How to address gaslighting and imposter syndrome


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Disclosure: Shannon is the owner of Shannon Coaching for Life and Shannon Healthcare Communications, Inc.

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CHICAGO — Both imposter syndrome and gaslighting can cause severe self-doubt, but it can often be difficult to tell the difference Diana W Shannon, MD, MPH, PCC.

In her presentation at the Women in Medicine Summit, Shannon discussed how to recognize what creates the “lack of confidence that causes us to hold back from what we could really be and what we could bring to the table” and how to deal with it .

Shannon, who started her career as a family doctor, now coaches other doctors to help them navigate their careers.

Gaslighting, she told Healio, is a form of psychological manipulation where someone in a more powerful position tells another that what they experienced or saw didn’t happen.

“It can be very easy to think, ‘Oh, I have these feelings of self-doubt, I feel like I shouldn’t be here… I don’t have the credentials to take that next step’… when, actually, it is the environment, and that’s where gaslighting comes in,” said Shannon. “It’s not like it’s an either/or — sometimes it’s both — but I think it’s important to recognize that sometimes it’s our environment.”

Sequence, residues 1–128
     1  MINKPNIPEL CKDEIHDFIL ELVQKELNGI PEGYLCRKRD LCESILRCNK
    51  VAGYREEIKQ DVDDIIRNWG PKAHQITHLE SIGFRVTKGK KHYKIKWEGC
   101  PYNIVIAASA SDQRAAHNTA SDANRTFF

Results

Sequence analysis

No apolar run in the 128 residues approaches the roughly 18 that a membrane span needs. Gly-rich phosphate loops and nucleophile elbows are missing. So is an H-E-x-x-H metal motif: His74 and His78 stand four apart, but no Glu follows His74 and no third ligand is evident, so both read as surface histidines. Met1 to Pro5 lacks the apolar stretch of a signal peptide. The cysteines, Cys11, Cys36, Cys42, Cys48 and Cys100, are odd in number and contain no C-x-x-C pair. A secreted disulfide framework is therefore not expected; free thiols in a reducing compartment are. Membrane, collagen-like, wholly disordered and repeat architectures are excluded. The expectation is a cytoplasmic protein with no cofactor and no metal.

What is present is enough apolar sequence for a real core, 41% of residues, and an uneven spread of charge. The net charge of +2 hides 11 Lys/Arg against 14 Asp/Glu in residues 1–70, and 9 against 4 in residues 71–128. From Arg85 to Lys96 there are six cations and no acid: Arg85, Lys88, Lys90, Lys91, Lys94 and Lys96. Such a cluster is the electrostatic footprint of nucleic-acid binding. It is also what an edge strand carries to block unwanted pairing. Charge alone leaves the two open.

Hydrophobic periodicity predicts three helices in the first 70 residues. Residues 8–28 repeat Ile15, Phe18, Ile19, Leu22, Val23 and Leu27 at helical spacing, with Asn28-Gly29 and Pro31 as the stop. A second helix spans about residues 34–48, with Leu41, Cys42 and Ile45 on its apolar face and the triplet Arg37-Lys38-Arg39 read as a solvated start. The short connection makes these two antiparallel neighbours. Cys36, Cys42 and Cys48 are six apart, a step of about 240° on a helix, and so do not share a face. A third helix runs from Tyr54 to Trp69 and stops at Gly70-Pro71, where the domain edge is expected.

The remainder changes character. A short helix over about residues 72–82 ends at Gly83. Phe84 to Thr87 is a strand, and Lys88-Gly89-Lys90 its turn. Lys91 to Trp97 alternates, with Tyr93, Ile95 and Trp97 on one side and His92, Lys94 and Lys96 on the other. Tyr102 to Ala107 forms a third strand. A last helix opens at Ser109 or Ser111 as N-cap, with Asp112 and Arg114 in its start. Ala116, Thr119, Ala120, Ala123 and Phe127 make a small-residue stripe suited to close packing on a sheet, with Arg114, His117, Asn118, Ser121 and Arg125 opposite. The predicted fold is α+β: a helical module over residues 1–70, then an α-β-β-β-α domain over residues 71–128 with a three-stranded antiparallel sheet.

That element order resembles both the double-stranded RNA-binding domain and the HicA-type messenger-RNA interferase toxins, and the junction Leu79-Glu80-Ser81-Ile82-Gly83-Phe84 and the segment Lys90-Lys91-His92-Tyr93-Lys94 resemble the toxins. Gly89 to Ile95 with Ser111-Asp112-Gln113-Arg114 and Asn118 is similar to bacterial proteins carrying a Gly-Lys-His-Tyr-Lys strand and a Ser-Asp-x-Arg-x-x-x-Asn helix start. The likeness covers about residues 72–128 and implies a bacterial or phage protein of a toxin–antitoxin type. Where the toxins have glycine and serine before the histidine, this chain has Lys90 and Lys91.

On the other hand, imposter syndrome — which isn’t really a syndrome, Shannon said — is a set of feelings and thoughts about not being good enough. At times, someone suffering from impostor syndrome can feel like a fraud and worry about being “exposed”.

“Often people feel like they don’t deserve the positive feedback they’re getting,” she explained.

Shannon said that impostor syndrome never goes away entirely, but “it can be calmed down.”

To combat imposter syndrome, Shannon said the most important thing is to come to terms with your own thoughts.

“Actually the most important thing [thing] is to address the negative automatic thoughts you have and really turn them into positive ones and then keep using those positive thoughts and saying them to yourself until you get to the point where you believe them.


Shannon D. Gaslighting vs. Imposter Syndrome: How to Know What to Do. Presented at: Women in Medicine Summit; September 16-18, 2022. Chicago.

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